- n. obsolete One who lags; that which comes in last.
- n. The fag-end; the rump; hence, the lowest class.
- n. The amount of retardation of anything, as of a valve in a steam engine, in opening or closing.
- n. (Mach.) A stave of a cask, drum, etc. one of the narrow boards or staves forming the covering of a cylindrical object, as a boiler, or the cylinder of a carding machine or a steam engine.
- n. (Zoöl.) See Graylag.
- n. The failing behind or retardation of one phenomenon with respect to another to which it is closely related.
- v. To walk or more slowly; to stay or fall behind; to linger or loiter.
- v. obsolete To cause to lag; to slacken.
- v. (Mach.) To cover, as the cylinder of a steam engine, with lags. See Lag, n., 4.
- n. Slang, Eng. One transported for a crime.
- v. Slang, Eng. To transport for crime.
- v. hang (back) or fall (behind) in movement, progress, development, etc.
- n. the act of slowing down or falling behind
- v. lock up or confine, in or as in a jail
- v. cover with lagging to prevent heat loss
- n. one of several thin slats of wood forming the sides of a barrel or bucket
- n. the time between one event, process, or period and another
- v. throw or pitch at a mark, as with coins
- This definition is lacking an etymology or has an incomplete etymology. You can help Wiktionary by giving it a proper etymology. (Wiktionary)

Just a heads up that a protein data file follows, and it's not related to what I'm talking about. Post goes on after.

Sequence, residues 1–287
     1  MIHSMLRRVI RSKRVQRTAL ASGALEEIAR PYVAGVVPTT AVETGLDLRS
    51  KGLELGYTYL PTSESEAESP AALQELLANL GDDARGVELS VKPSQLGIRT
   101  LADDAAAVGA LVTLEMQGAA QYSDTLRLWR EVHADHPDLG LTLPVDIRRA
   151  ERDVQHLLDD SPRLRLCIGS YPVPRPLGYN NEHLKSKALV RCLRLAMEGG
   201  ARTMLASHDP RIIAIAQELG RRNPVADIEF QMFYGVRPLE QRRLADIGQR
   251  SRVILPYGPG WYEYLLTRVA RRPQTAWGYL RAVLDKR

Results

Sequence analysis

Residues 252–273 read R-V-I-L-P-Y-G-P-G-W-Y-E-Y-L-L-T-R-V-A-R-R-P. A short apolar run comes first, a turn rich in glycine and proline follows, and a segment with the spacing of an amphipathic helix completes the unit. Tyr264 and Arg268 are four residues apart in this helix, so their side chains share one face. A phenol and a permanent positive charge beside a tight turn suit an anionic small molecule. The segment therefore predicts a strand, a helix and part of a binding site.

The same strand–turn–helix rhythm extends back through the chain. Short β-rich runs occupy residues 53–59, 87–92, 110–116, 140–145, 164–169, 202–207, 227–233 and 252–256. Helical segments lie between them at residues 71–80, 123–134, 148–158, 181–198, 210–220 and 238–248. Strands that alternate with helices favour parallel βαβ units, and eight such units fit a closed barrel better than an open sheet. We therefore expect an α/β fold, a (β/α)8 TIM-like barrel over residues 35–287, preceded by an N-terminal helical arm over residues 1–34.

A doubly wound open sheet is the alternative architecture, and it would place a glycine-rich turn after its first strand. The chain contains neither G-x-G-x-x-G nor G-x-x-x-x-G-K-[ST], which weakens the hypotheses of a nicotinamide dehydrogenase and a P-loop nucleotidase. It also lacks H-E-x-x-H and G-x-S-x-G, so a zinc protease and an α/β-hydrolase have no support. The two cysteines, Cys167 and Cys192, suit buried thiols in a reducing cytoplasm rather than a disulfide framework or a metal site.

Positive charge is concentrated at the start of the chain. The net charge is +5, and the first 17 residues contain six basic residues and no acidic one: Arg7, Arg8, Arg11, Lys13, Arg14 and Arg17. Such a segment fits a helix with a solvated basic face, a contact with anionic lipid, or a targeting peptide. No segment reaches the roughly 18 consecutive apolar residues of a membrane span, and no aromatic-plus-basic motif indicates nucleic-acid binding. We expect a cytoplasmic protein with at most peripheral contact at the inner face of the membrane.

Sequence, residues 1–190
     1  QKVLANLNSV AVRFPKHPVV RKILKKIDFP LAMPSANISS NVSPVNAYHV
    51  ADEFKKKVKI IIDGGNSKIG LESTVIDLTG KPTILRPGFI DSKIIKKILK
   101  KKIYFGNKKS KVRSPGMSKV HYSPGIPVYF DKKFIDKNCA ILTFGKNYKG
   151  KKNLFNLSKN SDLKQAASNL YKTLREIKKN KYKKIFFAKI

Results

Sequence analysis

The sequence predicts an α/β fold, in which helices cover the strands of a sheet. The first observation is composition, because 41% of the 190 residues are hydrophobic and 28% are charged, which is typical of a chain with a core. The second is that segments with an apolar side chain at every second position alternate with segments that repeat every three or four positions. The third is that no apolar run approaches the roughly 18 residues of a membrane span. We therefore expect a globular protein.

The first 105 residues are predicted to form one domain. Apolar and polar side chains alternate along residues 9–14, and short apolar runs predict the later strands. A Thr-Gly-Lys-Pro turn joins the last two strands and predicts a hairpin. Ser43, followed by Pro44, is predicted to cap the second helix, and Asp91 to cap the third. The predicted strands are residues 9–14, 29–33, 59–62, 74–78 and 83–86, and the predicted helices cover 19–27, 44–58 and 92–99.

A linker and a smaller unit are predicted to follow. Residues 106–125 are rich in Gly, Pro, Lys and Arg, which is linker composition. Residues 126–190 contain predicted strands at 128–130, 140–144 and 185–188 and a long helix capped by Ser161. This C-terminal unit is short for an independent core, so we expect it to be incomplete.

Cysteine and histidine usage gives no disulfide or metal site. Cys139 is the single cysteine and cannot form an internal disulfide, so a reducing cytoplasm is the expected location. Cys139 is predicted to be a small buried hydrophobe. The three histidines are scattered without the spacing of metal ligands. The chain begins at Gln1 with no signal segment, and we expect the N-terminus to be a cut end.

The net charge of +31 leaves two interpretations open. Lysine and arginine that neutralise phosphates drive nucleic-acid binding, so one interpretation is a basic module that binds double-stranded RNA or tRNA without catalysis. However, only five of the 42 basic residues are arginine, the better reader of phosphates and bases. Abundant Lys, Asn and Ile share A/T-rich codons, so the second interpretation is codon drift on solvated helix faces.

- From earlier lag, last person, from Middle English lag-, last (in lagmon, last man), perhaps of Scandinavian origin.Probably of Scandinavian origin; akin to Swedish lagg; see leu- in Indo-European roots.Origin unknown. (American Heritage® Dictionary of the English Language, Fourth Edition)
“You want to let it lag along, and _lag_ along, and see 'f something won't happen to get you out of it!”
“Ironically, the only main economic indicator that has continued to lag is unemployment.”
“The built-in lag in adjusting home assessments has become a government policymakers dream: It is a counter-cyclical tax that can generate more revenue in bad times, raising collections at a time when other economically sensitive taxes falter.”
““That four-year lag is where the music industry lost the battle,” said Sonal Gandhi, music analyst with Forrester Research.”
“This popularity lag is probably the source of the modern concern that “for a moment” is the more original, more pure sense, and “in a moment” the interloper.”
“That lag is perfectly congruent with his theory that the bigger part of the crash came when overly restrictive monetary policy turned a manageable bubble pop into the end of the world as we know it.”
“The impact lag is the time between when the action is taken and when the effect of the action is felt.”
“The recognition lag is the time between when a problem starts and when we know it has started.”
“The implementation lag is the time between when we realize there is problem and when we get an action through the political system.”
“The reason the lag is so massive is because its a mac. cant comprehend doing anything other then running a game.”